Letter: Meal tax would add insult to injury
In regards to the recent advertised Mathews County budget increase, supervisor Janine Burns summed it up rather appropriately, if not an understatement: “Nobody’s going to be thrilled.” Other comments by board members confirmed a consensus for the proposed tax increase. The board members are “anticipating the future in making the hard choices to move forward.”
Meanwhile, it is apparent that Mathews County is experiencing similar budget difficulties as many other city, state and federal agencies. These many increasing demands, coupled with a declining tax base, are causing revenue shortfalls throughout the country. As one example, the total unfunded pension liabilities add more than $2.5 trillion to America’s current debt. Even under the current accounting methods, all state and local governments are facing massive shortfalls.
Incomes within the private sector, which, after all, are the only source for government income, have stagnated for most income groups within recent years. So much so that currently about half of all households do not earn enough to pay federal income taxes. Meanwhile, according to the Tax Foundation, Americans are now paying more in taxes than on food, clothing and housing combined. Meanwhile, about 47 million Americans are on food stamps.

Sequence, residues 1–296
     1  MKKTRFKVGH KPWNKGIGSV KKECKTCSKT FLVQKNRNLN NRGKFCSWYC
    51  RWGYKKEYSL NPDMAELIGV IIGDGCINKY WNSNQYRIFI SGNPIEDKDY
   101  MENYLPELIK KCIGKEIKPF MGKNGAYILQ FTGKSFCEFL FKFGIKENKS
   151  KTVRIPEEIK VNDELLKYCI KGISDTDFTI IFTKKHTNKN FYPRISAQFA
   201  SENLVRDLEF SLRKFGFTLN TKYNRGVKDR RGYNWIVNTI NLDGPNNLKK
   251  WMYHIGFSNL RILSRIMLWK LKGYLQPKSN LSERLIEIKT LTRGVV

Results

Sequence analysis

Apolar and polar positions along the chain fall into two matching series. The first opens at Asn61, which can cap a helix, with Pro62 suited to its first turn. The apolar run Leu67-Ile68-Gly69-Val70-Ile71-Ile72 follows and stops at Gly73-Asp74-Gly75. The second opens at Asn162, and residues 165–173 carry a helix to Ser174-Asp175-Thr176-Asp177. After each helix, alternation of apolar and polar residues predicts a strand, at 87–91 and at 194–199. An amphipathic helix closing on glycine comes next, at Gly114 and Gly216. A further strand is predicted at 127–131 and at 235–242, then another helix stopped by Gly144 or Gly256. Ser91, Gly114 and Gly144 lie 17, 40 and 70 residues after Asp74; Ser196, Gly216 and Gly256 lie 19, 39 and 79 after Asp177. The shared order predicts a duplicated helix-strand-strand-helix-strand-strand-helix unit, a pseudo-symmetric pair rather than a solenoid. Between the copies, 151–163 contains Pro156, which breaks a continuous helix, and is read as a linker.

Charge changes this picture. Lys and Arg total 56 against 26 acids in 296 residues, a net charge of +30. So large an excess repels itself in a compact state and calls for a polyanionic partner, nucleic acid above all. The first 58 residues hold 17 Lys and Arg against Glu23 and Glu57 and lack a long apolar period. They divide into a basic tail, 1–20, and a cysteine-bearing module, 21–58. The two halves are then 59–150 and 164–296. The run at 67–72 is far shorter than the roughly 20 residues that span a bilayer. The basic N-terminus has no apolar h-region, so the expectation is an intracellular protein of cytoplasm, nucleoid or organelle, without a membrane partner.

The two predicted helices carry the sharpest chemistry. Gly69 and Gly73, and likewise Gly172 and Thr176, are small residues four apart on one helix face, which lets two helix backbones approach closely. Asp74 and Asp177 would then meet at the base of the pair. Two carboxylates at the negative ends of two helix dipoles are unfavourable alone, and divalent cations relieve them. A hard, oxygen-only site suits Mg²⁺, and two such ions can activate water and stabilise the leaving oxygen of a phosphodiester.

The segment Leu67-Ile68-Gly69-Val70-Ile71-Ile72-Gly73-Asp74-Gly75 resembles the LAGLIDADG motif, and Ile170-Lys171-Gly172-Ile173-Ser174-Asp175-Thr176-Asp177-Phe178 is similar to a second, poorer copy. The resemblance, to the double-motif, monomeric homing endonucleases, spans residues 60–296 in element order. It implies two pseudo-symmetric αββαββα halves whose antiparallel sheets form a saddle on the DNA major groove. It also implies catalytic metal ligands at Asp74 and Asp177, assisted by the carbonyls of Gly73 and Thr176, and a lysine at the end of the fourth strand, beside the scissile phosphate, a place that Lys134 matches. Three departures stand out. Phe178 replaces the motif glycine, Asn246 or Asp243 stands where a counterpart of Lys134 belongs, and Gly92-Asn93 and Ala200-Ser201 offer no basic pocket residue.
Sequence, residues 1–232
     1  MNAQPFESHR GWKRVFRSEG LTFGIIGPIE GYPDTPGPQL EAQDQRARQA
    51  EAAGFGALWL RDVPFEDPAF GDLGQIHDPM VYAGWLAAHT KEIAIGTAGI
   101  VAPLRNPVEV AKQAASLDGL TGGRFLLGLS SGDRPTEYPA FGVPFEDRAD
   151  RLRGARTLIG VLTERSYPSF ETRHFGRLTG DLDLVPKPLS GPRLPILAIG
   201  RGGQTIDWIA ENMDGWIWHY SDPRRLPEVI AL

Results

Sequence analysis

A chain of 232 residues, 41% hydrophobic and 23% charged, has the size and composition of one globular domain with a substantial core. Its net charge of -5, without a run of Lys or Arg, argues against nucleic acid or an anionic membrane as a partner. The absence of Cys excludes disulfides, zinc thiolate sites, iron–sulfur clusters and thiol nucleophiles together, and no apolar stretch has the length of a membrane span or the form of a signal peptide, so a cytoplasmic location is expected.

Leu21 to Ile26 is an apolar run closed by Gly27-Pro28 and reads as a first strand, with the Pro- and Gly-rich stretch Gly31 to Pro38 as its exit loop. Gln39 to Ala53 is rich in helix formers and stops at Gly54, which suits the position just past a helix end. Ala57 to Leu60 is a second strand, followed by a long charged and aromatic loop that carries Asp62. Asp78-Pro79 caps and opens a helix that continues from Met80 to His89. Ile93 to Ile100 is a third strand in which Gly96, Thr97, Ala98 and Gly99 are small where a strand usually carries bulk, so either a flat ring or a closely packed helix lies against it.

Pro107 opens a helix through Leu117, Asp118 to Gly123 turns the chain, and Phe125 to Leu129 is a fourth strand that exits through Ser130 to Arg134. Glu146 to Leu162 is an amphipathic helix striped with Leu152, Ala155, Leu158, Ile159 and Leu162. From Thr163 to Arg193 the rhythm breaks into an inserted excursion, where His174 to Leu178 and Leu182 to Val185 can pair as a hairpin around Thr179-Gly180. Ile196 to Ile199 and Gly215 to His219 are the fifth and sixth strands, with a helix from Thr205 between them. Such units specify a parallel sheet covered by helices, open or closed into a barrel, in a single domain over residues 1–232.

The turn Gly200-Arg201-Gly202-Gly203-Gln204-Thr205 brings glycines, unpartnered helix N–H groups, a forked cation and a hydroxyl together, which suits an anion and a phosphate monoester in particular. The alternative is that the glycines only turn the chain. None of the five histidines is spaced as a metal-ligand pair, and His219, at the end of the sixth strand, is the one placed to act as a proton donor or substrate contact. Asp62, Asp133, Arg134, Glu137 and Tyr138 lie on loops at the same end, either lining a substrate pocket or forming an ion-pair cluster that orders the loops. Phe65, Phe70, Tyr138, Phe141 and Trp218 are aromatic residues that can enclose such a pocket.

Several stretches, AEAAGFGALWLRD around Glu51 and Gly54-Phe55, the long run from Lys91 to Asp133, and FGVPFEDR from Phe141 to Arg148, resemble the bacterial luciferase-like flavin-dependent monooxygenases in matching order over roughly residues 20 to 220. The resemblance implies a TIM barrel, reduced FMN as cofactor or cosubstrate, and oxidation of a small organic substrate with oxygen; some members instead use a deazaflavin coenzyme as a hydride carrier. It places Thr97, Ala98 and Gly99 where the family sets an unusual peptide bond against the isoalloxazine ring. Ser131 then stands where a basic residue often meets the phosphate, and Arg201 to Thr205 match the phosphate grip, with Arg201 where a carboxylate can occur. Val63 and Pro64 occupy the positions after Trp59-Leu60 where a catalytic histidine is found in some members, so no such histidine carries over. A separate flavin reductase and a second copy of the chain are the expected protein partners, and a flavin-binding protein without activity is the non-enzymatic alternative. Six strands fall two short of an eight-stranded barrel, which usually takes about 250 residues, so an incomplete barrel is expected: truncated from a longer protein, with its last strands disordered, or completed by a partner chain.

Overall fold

The current unemployment rate, published by the Bureau of Labor Statistics is 6.7 percent. Several other authoritative sources calculate the rate to be well in excess of 20 percent.
To add to the aforementioned statistics, in 2013 America experienced a dramatic increase in the number of its citizens renouncing their citizenship. While numerically insignificant when compared to the total population, this increase was prompted by yet another “necessary” tax—in this instance, the recently imposed Foreign Account Tax Compliance Act.
If we view the necessity of servicing the debt, all debts, as an about-to-occur, burgeoning expense, should even a moderate interest rate increase come about, the servicing of that debt will become a primary expense. The national debt is expected to reach $20 trillion by the end of the current term of the Obama administration. Using just “simple math,” and a not immoderate interest rate of 5 percent, it is not difficult to “anticipate the future in making the hard choices to move forward” to prompt further “necessary” tax increases.
With a new proposition to consider—a meal tax—as a future source of revenue for Mathews County, I am reminded of an ancient symbol that might portend some serious aspects for the tourism and restaurant businesses in Mathews. The ancient symbol is that of Ouroboros, a snake eating its own tail. While this symbol is rarely seen in America, it could portend an immediate factor in the struggling restaurant and tourism industry in Mathews.
What’s to be done? With all of the “necessary” tax expenditures, I do not envy the supervisors their task of “anticipating the future in making the hard choices to move forward.” Having to consume one’s posterior is not a viable taxation policy.
“Nobody’s going to be thrilled” is a prophetic understatement, especially if a meal tax is enacted. Adding insult to injury is not a viable policy when considering one of our remaining private sector sources of revenue—our small but growing restaurant and tourism industry.
Port Haywood, Va.